February 24, 2012
Bjarke Ingels Co-Teaches Class at Yale with the Developer of West 57th
Bjarke Ingels (left), Doulas Durst (right), photo by James AndrachukThis semester at the Yale School of Architecture, Bjarke Ingels and Thomas Christoffersen of the Bjarke Ingels Group (BIG) are co-teaching an advanced studio with Douglas Durst of the Durst Organization. While Yale has hosted developer studios in the past, this particular pairing is unique, in that […]
Bjarke Ingels (left), Doulas Durst (right), photo by James Andrachuk
This semester at the Yale School of Architecture, Bjarke Ingels and Thomas Christoffersen of the Bjarke Ingels Group (BIG) are co-teaching an advanced studio with Douglas Durst of the Durst Organization. While Yale has hosted developer studios in the past, this particular pairing is unique, in that the Durst Organization is presently working with BIG to develop the iconic West 57th “Court Scraper” building in New York City.
Having developers teach alongside architects is not a common arrangement in most schools; due to a fallacy that architecture becomes somehow corrupted when it encounters the metrics of monetized construction. Indeed, architecture designed within academia is tacitly considered immune to many of the so-called ‘real world’ forces which bring a building into physical existence. In this model, school is a laboratory for experimentation, and the problems of realizing one’s design (be they technical, fiduciary, or otherwise) are the province of the practitioner.
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Engaging with the concerns of a developer, though, brings a new realm of design challenges which can foster a productive richness in the architect’s proposal. The constraints of designing for a particular market, and for an ease of construction, require the student to structure his or her proposal as a series of clear, logical steps which are rooted in research and compelling argumentation. The final design, then, isn’t simply an extruded floor slab with maximized living units, or another rendered architectural vision, but rather a project that tests how compelling architecture can be made through leveraging the mechanisms of building. Such is the goal of the BIG/Durst Studio at Yale.
I am lucky to be a part of that 12-person studio, which is taught with the assistance of Yale faculty member Andrew Benner. The studio brief is notable for its unusual hybridization: we are to propose a design for two bridges, hypothesizing the possible synergies in combining public infrastructure with private development. The studio is arranged into four teams, two of which are proposing a new bridge which would link 42nd Street to Long Island City, and two teams which are working on a design for the new Tappan Zee Bridge (which spans the Hudson approximately 25 miles north of New York City).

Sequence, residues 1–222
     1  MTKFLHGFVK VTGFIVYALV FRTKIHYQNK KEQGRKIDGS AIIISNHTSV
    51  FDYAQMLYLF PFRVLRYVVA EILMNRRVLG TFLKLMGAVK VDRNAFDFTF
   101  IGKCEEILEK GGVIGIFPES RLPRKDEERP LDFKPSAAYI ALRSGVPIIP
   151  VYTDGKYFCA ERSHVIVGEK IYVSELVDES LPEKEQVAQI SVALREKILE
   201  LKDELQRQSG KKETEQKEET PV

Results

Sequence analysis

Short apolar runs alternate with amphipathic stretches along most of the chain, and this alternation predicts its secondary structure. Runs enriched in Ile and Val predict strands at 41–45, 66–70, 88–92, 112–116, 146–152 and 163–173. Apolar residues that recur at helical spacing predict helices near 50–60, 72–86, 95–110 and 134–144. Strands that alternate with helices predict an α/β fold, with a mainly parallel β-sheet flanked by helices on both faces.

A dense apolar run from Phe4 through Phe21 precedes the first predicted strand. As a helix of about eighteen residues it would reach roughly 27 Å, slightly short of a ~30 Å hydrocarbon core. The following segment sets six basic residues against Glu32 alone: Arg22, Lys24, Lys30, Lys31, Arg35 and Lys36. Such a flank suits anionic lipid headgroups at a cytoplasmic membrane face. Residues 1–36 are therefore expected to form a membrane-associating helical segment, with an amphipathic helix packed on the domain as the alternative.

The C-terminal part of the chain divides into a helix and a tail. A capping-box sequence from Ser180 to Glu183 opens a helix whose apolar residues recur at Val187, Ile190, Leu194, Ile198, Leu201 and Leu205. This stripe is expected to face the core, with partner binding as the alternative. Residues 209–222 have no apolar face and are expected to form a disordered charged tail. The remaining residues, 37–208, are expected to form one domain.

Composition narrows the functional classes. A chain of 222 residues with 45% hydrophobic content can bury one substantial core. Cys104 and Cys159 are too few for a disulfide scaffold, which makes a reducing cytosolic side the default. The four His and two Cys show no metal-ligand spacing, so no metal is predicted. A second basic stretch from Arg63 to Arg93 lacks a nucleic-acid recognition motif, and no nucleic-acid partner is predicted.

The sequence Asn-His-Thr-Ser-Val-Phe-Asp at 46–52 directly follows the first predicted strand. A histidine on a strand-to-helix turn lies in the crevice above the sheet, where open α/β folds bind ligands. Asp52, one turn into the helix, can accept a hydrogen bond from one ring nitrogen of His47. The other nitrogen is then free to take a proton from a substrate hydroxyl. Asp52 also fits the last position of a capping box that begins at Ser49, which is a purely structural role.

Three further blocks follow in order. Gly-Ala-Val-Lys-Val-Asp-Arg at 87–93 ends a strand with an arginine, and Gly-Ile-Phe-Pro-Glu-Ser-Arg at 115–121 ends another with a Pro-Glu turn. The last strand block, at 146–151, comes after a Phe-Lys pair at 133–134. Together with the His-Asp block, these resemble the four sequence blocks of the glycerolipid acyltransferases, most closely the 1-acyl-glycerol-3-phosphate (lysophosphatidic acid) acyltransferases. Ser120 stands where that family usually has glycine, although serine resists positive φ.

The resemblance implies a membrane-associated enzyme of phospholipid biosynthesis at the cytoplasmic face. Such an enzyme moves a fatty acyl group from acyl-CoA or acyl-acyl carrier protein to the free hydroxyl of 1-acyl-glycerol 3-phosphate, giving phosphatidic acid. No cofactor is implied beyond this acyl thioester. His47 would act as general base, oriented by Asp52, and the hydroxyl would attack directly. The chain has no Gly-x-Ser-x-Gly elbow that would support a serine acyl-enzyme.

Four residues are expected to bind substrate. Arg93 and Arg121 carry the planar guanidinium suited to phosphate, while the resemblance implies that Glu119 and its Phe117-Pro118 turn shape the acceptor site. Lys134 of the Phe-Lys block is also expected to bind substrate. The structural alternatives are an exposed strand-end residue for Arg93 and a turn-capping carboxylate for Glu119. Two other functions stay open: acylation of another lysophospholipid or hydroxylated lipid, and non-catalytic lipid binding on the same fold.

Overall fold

The Tappan Zee is a particularly interesting case study, since a replacement bridge is already well into the planning phase, and is an imminent project. The current bridge is rapidly deteriorating, and is undersized for the volume of traffic it handles. While a new bridge has been proposed by the state, a lack of funding has meant that multi-modal transit had to be cut from the design. As it currently stands, rail and bus rapid transit lanes – both of which have garnered widespread public support – will not be part of the new Tappan Zee. This poses an interesting prompt for the studio: would it be possible for private development to be involved in an infrastructure project such that public amenities like rail lines could be afforded where previously they could not? It is an interesting challenge, and one that I believe architecture — a discipline of collaboration and coordination — may be uniquely suited to engage with.
As midterm reviews approach, the four student teams are pulling together their research, polishing arguments, and preparing nascent proposals for how a public/private bridge might serve New York. I look forward to reporting on the progress of the designs as they unfold, and further detailing the collaborative teaching of BIG and Durst as the studio progresses.
Karl Schmeck is a Master of Architecture candidate in his final semester at the Yale School of Architecture. He presently lives and works in New Haven, Connecticut.